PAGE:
Since this new blog is all about Lucid Dreaming, the best place to start is with the basics. This introduction will be split into four parts to make it easier to read.
A dream is what happens during the Rapid Eye Movement (REM) period of sleep. It’s like a whole new world inside your head. A lucid dream is a dream in which you realize you are dreaming. Because it is all inside your head, you can manipulate the dream world and form your own experiences. This can lead to you doing whatever you want; you’re in a reality which you have created in your own mind.
You dream every night, whether you remember it or not. We experience around 4 or 5 dreams a night, due to having about 4 or 5 periods of REM sleep every night. So you can become lucid and not even remember it — in fact, you probably already have become lucid at some point in your life. What’s the point if you can’t remember?
The first step in the journey to lucidity is improving dream recall. This is just what it sounds like — the ability to remember your dreams when you wake up. Dreams are slippery; sure, you just had a vivid dream, but without practicing recall a couple minutes after you wake up you won’t even be able to remember the details of your dream. If you’re just starting, don’t worry if you have no recall; it takes time to develop.
Step 1: Don’t move
Remember, dream recall happens AFTER you wake up. So when you awaken, don’t move a muscle. Lie back in your bed and ask yourself, “What was I just dreaming about?” Dream recall has a correlation to sleep position, and you’re more likely to remember your dreams if you’re in the same position you slept in. Images, thoughts, sceneries, parts and maybe even your whole dream should come back to you. If you have a stray thought, don’t forget it — that’s probably your dream rushing back to you. Try to remember the major concepts, as details will come to you when you’re on to the next step.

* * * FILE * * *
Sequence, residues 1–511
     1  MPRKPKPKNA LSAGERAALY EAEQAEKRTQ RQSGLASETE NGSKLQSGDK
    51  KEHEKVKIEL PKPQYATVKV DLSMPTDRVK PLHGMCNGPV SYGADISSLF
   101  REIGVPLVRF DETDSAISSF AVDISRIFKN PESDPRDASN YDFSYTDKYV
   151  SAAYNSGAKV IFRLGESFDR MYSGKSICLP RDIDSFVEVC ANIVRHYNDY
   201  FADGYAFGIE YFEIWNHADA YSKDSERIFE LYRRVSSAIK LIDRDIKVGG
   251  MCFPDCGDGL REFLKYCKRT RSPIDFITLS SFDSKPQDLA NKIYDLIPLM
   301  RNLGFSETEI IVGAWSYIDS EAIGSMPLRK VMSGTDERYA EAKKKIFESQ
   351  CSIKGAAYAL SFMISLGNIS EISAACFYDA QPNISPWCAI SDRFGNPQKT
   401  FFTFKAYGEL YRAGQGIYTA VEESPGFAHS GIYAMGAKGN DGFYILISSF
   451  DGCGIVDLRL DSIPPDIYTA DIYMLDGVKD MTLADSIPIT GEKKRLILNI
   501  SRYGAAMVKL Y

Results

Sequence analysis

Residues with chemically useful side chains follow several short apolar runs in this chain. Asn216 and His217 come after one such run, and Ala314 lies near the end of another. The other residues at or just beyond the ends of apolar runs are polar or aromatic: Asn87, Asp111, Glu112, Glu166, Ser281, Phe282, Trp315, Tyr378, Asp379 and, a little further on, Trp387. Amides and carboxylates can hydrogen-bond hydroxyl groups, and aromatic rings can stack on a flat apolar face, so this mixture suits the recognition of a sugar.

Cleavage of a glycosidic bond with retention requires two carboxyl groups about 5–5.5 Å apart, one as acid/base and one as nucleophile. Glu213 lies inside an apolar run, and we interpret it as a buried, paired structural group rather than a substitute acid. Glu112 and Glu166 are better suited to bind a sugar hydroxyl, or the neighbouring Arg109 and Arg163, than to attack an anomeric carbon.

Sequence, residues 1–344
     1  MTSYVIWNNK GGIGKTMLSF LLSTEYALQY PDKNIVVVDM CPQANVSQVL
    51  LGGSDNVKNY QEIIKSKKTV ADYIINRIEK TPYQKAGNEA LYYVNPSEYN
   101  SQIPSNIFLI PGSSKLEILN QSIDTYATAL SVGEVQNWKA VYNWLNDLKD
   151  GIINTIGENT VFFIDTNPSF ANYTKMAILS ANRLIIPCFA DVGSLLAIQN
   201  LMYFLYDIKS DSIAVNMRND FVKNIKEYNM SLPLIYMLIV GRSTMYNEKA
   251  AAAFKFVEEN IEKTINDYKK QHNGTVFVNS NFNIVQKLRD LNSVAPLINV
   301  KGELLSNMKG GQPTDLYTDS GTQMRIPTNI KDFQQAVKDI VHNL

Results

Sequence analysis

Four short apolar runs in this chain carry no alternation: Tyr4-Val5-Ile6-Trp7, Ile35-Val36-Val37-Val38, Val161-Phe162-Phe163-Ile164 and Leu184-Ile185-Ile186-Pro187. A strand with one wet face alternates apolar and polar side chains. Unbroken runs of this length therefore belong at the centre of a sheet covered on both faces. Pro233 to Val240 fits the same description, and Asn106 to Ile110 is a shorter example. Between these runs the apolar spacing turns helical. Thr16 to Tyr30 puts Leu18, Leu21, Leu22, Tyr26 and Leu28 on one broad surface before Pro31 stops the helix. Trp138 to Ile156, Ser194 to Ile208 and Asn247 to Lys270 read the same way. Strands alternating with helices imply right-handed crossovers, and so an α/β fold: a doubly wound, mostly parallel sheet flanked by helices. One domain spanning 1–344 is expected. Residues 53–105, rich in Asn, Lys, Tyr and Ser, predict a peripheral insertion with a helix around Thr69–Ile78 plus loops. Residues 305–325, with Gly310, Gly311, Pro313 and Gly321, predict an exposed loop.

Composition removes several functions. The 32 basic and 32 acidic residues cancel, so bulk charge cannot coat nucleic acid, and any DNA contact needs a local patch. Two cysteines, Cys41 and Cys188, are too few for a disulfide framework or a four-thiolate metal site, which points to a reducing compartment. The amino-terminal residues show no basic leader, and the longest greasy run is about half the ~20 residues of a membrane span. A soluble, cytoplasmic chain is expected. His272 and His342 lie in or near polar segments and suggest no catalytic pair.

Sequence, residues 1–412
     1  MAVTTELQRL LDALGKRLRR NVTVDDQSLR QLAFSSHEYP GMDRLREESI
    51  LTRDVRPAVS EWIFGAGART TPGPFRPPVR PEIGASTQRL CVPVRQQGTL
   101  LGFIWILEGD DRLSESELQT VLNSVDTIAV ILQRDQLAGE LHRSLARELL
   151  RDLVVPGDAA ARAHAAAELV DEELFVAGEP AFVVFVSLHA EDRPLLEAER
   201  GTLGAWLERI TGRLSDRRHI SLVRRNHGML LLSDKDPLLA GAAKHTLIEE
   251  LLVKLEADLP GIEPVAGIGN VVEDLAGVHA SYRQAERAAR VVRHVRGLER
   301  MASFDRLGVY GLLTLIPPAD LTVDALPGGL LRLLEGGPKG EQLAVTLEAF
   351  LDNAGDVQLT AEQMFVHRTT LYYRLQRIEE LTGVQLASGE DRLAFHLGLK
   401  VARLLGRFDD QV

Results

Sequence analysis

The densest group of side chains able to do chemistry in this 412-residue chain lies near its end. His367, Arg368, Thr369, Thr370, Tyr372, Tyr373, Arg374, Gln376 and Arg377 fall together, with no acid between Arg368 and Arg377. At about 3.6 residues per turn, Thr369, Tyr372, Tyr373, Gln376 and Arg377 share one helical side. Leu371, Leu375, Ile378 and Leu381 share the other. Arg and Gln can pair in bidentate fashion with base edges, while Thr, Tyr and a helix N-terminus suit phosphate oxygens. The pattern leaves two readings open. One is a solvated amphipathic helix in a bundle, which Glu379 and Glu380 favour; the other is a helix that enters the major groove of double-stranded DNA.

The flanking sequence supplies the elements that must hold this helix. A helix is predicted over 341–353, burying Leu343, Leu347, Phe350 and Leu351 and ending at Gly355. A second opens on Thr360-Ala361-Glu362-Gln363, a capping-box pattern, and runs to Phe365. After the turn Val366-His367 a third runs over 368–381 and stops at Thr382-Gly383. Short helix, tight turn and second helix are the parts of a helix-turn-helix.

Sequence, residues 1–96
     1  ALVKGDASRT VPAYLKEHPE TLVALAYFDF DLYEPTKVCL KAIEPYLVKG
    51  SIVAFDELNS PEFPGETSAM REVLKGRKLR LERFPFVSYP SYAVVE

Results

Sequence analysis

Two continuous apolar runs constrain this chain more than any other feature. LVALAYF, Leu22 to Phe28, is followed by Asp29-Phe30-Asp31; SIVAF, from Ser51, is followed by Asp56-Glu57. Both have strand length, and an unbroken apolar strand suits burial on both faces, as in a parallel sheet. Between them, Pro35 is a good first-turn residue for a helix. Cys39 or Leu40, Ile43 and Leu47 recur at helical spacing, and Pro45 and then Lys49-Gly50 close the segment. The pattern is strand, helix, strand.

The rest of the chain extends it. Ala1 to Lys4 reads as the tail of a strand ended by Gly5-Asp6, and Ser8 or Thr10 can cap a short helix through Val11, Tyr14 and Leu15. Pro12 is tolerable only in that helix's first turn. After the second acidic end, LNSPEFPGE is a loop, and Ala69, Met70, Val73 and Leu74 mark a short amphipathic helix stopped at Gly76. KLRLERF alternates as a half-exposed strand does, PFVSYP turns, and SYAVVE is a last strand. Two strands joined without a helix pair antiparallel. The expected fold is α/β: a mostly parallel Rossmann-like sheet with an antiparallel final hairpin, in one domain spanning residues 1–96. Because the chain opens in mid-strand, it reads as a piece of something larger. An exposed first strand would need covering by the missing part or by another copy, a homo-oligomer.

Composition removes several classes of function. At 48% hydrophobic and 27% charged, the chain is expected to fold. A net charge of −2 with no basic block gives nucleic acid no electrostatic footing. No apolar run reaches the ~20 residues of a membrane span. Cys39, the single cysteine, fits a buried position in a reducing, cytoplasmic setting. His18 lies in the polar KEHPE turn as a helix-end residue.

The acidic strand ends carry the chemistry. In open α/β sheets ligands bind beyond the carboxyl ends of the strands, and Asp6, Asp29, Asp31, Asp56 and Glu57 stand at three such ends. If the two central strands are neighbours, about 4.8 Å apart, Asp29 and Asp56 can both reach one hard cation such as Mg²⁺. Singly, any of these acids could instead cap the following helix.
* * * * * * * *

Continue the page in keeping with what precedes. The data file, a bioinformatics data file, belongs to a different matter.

Step 2: Write it down!
This is the most important step. Keep a pen and paper by your bed, write down the major things you remember, and then every last detail of your dreams that you remember. This will be your dream journal. If you don’t like writing, try a voice recorder. Do this as soon as you can remember your dreams, because every minute that passes, your dreams will fade. This happens until you develop good recall. Every now and then, read your dream journal and try to look for connections — these will be your dream signs, something we’ll talk about later.
Step 3: Self-Talk
Every night before you go to sleep, tell yourself that you are going to remember your dreams. Repeat it a couple times. If you engrain this into your subconscious, chances are that you’ll be a lot more likely to remember your dreams.
These are a few steps to dream recall, more will be discussed later. Remember, this is an important step in your journey to having a lucid dream. Don’t slack off on your practice, and don’t slack off on your sleep — the less sleep you get, the less you’ll dream. This should be practiced in conjunction with other beginning techniques discussed here. Don’t worry if you don’t get good results, recall takes practice. You can start to slack off when your recall gets better and you can remember dreams longer than a few minutes — usually it takes a couple weeks.